Tik-Tok is a community for everyone. What makes it so unique, I feel, is the infamous algorithm. It’s kind of like the secret Krabby Patty formula. You can find anything on Tik-Tok, which is why I think someone said that Tik-Tok is becoming the new Google. I really hope that's not true!Kourtney Diggs, North Carolina Central University Class of 2025, studying mass communication with a concentration in broadcast media (ABOVE: Photo by Jade Wilson)
A Great Introduction
Rising junior Kourtney Diggs was hoping to learn about social media, event promotion and networking during her summer internship in the Nasher Museum’s Marketing Department. In her first two days, she experienced all three. She created an Instagram reel using a fast-motion technique to promote the Nasher Community Day on Saturday, June 3. Then she attended the event and captured an Instagram Live video that attracted 1,378 views. In her video, visitors dance to music played by GRAMMY Award-winning producer 9th Wonder, children line up for cotton candy and visitors enjoy temporary tattoos.
“This was,” Kourtney said, “a great introduction to a wonderful summer.”
ABOVE RIGHT: Photo by Jade Wilson
To Tik-Tok or Not to Tik-Tok
Throughout the summer, one of Kourtney’s projects was to study the feasibility of a Nasher Tik-Tok page. She researched Tik-Tok pages for about a dozen art museums, including such peer institutions as The University of Michigan Museum of Art and larger municipal institutions like the Perez Art Museum of Miami and The Metropolitan Museum of Art. She noted trends that gained traction on the popular app and brainstormed ways that art museum content could link to those trends: New to the Collection, Art History in 60 Seconds, A Day in the Life, Mini Curatorial, Behind the Scenes and more.
In a presentation to the Nasher staff, she talked about researching Tik-Tok, her “top secret confidential project.” She outlined possible goals and potential pitfalls for launching the museum’s first-ever Tik-Tok page.
“We’re trying to drive more in-person visitors,” she said. “Introduce Tik Tok to the Nasher’s fun, engaging educational programs, showcase the diversity of collections and exhibitions, and increase engagement on our other social media platforms which include X, formerly known as Twitter, and Instagram.”
The algorithm is key: A person’s interactions on Tik-Tok—likes and reposts—will attract content the person is likely to enjoy. “The algorithm rewards being consistent on Tik-Tok because the more you post the more likely you are to show up on someone’s ‘For You’ page. From then on, that exposure just kind of spreads out, or does its thing.”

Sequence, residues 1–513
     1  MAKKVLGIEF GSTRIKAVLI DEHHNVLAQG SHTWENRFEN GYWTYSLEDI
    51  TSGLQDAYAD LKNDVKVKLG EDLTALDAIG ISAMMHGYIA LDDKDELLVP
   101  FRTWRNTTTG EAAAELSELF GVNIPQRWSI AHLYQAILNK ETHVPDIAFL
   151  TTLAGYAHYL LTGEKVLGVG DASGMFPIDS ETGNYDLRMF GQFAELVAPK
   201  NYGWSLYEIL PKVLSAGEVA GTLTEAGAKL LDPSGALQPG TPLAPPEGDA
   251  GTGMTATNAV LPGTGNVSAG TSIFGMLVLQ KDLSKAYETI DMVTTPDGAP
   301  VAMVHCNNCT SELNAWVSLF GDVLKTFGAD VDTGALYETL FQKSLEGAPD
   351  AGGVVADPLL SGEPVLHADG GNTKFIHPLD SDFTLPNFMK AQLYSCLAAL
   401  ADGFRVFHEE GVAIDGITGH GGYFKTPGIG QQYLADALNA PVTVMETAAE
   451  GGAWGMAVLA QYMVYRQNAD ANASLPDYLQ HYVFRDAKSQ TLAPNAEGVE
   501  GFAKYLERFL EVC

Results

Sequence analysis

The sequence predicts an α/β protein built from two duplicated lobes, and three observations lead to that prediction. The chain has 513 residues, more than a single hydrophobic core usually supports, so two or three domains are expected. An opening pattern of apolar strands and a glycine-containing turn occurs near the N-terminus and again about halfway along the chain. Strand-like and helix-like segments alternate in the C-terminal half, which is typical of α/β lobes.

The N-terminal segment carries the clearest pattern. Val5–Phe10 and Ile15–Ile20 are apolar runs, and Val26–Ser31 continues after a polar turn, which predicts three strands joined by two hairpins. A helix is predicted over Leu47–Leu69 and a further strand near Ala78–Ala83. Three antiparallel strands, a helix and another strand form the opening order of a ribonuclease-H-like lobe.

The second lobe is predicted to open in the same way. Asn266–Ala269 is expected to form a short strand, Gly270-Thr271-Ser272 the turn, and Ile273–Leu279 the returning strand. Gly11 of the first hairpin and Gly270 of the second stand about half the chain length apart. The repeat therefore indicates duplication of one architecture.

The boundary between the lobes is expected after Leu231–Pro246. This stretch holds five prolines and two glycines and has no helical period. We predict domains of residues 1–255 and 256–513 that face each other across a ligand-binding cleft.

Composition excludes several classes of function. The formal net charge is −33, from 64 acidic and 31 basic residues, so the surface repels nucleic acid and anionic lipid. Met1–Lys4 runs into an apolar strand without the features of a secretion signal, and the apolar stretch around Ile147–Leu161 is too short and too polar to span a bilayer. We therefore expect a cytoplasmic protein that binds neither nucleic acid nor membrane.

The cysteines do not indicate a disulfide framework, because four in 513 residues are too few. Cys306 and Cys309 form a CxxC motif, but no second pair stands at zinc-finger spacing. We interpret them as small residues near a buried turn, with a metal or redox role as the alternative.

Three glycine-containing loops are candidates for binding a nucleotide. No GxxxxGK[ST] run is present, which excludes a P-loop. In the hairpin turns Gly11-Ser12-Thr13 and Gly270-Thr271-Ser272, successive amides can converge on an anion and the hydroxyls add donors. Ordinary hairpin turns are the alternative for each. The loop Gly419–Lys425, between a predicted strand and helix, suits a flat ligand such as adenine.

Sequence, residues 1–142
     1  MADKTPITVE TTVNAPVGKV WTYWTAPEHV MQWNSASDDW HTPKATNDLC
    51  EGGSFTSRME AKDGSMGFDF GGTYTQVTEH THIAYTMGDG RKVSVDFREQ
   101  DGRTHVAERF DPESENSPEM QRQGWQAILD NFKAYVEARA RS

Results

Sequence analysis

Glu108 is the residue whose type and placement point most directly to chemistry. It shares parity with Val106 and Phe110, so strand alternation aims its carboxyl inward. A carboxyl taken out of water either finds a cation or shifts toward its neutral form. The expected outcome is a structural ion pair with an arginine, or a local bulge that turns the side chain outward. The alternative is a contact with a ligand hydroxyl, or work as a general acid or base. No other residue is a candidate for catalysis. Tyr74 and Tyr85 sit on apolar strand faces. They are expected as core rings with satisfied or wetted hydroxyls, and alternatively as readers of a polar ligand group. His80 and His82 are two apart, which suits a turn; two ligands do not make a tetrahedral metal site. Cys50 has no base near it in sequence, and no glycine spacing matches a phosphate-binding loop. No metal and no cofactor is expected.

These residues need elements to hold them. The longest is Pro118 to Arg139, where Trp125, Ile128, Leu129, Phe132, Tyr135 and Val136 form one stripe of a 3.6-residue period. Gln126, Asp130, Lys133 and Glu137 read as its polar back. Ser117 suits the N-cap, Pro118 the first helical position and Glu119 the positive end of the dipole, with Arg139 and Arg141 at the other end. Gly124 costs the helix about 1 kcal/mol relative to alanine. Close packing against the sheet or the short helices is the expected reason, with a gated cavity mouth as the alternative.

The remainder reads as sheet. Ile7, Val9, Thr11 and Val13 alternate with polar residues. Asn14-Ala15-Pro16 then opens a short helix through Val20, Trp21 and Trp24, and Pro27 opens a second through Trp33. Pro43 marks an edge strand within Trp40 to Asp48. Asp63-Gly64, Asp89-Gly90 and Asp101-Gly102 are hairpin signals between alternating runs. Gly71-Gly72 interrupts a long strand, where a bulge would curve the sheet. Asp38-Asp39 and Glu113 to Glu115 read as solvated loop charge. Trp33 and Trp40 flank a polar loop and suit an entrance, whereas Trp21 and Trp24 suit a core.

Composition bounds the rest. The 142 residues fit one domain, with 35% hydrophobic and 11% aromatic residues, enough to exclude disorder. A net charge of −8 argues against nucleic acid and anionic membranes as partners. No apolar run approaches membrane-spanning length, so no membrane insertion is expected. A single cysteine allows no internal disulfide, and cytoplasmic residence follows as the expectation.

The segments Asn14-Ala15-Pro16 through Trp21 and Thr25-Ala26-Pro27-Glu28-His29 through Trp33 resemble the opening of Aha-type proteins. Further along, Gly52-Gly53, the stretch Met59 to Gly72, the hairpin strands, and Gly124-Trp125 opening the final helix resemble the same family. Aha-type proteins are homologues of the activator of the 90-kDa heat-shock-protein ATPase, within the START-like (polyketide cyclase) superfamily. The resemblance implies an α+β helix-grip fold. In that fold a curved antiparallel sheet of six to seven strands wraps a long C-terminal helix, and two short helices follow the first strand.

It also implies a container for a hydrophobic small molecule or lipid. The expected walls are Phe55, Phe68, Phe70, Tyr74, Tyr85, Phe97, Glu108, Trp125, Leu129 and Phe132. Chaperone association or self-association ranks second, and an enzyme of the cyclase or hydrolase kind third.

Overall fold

Kourtney cautions that Tik-Tok has certain disadvantages: cyber bullying, addiction, privacy and data issues, fake news and information. “They’re kind of similar to the risk and cons of any social media platform. No big difference.”
Kourtney recommends finding a Tik-Tok niche. “So that’s already done for the art museum. You’re going to be an art world Tik-Tok, you’re going to be a museum Tik-Tok.”
Be prepared for trial and error, Kourtney said. “That goes for all social media platforms. That’s something that the Marketing Department is already familiar with curating a positive follower interaction, a lot of different comments.”
The most important advice, she said, is to be consistent.
ABOVE RIGHT: Photo by Jade Wilson
I plan on finishing my last two years of college strong. I plan on figuring out what I want to do specifically within my career path I take broadcast classes this semester so now I'm figuring out if I want to be in front of the camera or behind the camera so also getting some more multimedia marketing skills with great opportunities like the one I played at the Nasher expanding my portfolio.Kourtney Diggs (ABOVE: Photos by Jade Wilson.)
Charmaine McKissick-Melton Communications Fellowship
This summer, Kourtney Diggs was one of about a dozen “Dr. Mac Fellows” at Duke. For ten weeks each summer, as part of the Charmaine McKissick-Melton Communications Fellowship, NCCU Mass Communications majors are embedded in working communications offices throughout Duke University – from the medical center to dining services, from documentary studies to university communications. Fellows gain real-world work experience: interviewing, writing, recording and strategizing with close supervision and coaching from professional staff. Students obtain a glimpse into possible careers, create published works to add to their professional portfolios, and connect with references and mentorship they can draw on for years to come.
The Dr. Mac Fellowship is part of a cohesive summer internship program overseen by the Nasher Museum’s Academic Initiatives Department.
Ellen Raimond, Associate Curator of Academic Initiatives, and Gabrielle Tenedero, Museum Educator for Student Engagement, have professionalized the internship program that begins with matching students with supervisors in the marketing, education, curatorial, registrar and development departments. Students get to know one another and Nasher staff during lunch meetings, outings to nearby art museums and galleries and professional development activities that give them a glimpse into a museum career.
These women are so inspirational! And to be able to have this experience with them—it was very comforting to have peers that have similar passions in the arts. Everyone's just super ambitious. It was very inspiring.Kourtney Diggs